There are only 5 listings in all of LA county and I wouldn't touch one with a 10 ft pole.

    I know a lot of developers here in CA, have programs sort of close to teachers, cops, hose draggers and emts as well as public employees if it's your first time home. If you see a new condo complex going up it may be worth it to stop by and ask if they participate in any of those types of programs.
    Originally Posted by VegasMetro
    maybe it’s me but I think a six pack and midget porn makes for good times?????

  6. #6
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    Quote Originally Posted by mtxpro752 View Post
    You pay what is listed, funny how some of the prices don't seem right. I think they are still giving 50% off prices from 2 years ago!!

    There are only 5 listings in all of LA county and I wouldn't touch one with a 10 ft pole.

    I know a lot of developers here in CA, have programs sort of close to teachers, cops, hose draggers and emts as well as public employees if it's your first time home. If you see a new condo complex going up it may be worth it to stop by and ask if they participate in any of those types of programs.
    I think you might be right. I was looking at regular listings in Mesa AZ, and many prices aren't a whole lot higher than they are with that program.

  7. #7
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    I pulled up the locator map and came up with a house I might be interested in, it has a price of 84,000 and an "as-is value" of 140,000.

    Does that mean I can buy this house for $42,000??
    Seriously, the only reason I wanted to be a cop was so I could post anywhere on this forum.

  8. #8
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    I think you get it at 84k, dunno exactly. Didn't bother checking into it any further after I saw the whole 5 properties avail out here.
    Originally Posted by VegasMetro
    maybe it’s me but I think a six pack and midget porn makes for good times?????

  9. #9
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    A couple of guys I work with used the program. It is (was) based on zip code, so they found some nice places to live separated from the 'hood, by a small stream or some other barrier. One guy got a place on a river, that backs against those high wal;ls along an interstate. Old neighborhood, one way in and out. Pretty quiet....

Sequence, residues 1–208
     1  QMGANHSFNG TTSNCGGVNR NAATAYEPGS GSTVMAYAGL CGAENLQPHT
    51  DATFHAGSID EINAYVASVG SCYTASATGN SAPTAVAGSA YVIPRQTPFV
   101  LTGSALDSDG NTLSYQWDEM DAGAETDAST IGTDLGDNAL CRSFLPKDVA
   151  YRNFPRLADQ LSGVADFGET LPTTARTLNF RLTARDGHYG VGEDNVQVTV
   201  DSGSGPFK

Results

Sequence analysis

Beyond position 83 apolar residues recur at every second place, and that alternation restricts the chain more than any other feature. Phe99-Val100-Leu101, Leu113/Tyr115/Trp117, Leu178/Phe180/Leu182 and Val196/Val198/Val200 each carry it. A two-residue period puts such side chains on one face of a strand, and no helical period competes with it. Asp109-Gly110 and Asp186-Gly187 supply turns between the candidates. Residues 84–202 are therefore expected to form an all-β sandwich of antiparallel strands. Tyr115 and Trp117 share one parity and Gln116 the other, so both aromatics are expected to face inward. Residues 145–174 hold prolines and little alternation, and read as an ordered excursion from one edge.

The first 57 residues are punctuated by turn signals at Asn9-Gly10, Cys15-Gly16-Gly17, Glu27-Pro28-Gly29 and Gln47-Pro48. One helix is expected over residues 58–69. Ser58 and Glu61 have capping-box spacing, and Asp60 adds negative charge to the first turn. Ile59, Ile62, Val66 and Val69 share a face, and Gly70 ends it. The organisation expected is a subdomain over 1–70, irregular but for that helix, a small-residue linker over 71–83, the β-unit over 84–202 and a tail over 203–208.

10. #10
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    Very interesting comments. I was thinking, that once I'm hired on a department that this would be a program of interest. But seeing as though I have a wife and a two kids, sounds like a big risks. Sounds like a great program. They should include older homes in nice areas and condos in up an coming areas. It's a shame that this is only relegated to just (for lack of better term) ghetto's. Anyway Thanks for your comments.

  11. #11
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    I'll stay in the suberbs thanks

  12. #12
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    Quote Originally Posted by JLee View Post
    Do you know if the listed prices are the GNND prices, or are they cut in half from what's listed?
    Typically the prices listed are the total sale price of the house. The buyer will be required to get a mortgage for 50% of that listed price, and HUD will hold a "silent" second mortgage for the rest.

    Keep in mind some of the HUD GNND are actually in decent areas. Several of my friends got HUD homes in nice areas.

    However, think carefully before you decide to buy a GNND home, as the rules of the program are strictly enforced. Those found to violate the program rules are often prosecuted for fraud.

    You will need to have that home as your residence for at least three years. It is very rare that HUD will let someone leave early, and if you are allowed to leave early you will have to cover some or all of the value of the "silent" second mortgage that HUD holds.

  13. #13
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    last time i checked they only had one house listed here in San Diego.

  14. #14
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    I looked into it when my wife and I bought our house in September. The only houses eligible were in an area you couldnt pay me to live in. It was simply ridiculous for them to expect a police officer and his family to live in the are in which police are looked down upon.